The FT recently ran the following headline: "Good news: you are unlikely to be nuked any time soon." This is indeed good news, the sort I like to read over my morning bowl of oatmeal.
As Gideon Rachman points out, nuclear technology, though sixty years old, is still very difficult to master. And the 1999 example of the Kargil War shows that nuclear powers tend to actually be rather restrained with their wares. Good news indeed.
There are, however, several related issues you should be worrying about (not to mention the Chinese threat).
First, Rachman - or at least those he's commenting upon - forget that there are other weapons of mass destruction besides nuclear ones. Chemical and biological weapons are much simpler to build and still terribly dangerous. And Russia has lots of them just sitting around, waiting to be stolen or sold on the black market. Even if the Russian government wants to be a good steward of these weapons and keep them out of the hands of terrorists, the Russian government itself doesn't know where all its weapons are. That's why a new blog on Russian biological and chemical weapons is highlighting the danger of non-state transfers of these things.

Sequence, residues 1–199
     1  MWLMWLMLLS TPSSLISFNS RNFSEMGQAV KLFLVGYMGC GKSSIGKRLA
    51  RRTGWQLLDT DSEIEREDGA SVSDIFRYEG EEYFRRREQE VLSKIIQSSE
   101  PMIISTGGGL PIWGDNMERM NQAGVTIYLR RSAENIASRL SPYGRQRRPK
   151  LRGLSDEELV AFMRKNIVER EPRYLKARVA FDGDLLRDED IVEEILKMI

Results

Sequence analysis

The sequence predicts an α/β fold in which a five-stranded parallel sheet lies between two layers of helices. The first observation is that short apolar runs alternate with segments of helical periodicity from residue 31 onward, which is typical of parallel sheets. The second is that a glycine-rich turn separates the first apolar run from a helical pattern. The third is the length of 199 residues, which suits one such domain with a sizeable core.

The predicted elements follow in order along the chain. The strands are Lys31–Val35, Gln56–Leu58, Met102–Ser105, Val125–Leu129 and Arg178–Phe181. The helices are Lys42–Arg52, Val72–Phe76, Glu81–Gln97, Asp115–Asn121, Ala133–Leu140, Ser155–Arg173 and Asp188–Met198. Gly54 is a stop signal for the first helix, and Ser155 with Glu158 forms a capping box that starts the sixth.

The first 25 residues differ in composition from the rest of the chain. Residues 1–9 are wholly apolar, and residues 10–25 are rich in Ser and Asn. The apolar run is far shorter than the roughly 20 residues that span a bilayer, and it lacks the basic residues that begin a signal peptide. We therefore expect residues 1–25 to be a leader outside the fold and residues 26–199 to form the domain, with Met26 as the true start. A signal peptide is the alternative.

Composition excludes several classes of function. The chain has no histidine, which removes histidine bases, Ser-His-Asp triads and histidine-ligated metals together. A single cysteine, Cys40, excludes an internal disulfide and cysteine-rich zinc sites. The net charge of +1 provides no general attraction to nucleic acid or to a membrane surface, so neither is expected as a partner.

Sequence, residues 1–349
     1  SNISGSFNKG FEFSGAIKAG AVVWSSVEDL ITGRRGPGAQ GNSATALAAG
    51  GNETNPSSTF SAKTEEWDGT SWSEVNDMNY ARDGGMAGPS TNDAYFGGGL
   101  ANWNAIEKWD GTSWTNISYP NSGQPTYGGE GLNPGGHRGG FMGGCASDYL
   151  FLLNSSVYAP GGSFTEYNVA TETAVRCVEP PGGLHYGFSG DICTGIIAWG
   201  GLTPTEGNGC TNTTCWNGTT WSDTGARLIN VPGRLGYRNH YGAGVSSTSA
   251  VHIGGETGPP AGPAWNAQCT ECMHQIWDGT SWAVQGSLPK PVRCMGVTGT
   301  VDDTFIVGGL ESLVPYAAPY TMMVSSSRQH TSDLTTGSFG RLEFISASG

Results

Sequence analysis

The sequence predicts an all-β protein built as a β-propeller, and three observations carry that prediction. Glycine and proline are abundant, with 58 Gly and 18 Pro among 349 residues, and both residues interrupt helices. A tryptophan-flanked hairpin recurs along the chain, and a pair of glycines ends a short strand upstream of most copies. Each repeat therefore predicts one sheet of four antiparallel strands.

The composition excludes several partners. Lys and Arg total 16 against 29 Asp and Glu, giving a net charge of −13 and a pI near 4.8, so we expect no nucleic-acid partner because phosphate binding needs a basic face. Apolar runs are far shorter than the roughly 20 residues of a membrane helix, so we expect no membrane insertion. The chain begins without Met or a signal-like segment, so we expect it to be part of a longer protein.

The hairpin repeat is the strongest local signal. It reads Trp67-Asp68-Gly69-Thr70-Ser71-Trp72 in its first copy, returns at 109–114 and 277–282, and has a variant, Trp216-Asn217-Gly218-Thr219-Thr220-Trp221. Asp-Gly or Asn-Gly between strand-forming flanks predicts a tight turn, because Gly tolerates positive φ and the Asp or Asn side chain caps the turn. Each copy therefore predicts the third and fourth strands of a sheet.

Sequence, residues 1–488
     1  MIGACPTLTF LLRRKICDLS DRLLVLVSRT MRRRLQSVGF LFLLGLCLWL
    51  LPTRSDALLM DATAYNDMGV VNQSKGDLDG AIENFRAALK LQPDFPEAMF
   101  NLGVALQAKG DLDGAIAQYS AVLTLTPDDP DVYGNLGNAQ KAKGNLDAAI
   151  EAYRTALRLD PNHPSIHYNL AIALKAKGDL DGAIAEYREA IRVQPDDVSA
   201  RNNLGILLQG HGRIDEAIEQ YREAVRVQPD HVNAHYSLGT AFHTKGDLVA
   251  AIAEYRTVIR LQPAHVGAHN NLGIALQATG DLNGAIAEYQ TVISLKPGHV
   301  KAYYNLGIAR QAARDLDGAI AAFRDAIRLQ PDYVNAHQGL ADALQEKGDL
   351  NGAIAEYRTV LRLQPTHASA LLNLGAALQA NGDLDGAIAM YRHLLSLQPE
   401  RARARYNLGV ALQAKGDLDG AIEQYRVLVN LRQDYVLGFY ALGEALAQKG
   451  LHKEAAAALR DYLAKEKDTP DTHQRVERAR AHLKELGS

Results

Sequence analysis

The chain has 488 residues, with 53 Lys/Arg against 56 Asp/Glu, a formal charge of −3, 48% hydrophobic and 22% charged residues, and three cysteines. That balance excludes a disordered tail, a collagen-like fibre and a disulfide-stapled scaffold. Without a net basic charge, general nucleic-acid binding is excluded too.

Of course there's no reason to assume the Russians have any desire to act responsibly. Just yesterday Vladimir Putin, known to the White House as Pooty-Poot, said Russia must continue to strengthen its military and step up spying on the West. And seeing as how Pooty-Poot tends to get what he wants in Russia, we can look forward to these developments in the coming months and years.
And if you don't yet have sufficient cause for concern, consider that Russia has just launched a submarine expedition to the North Pole on the logic that "The Arctic is ours and we should demonstrate our presence." Nevermind that the area is nowhere close to Russia's internationally recognized territorial waters; they're claiming this now too.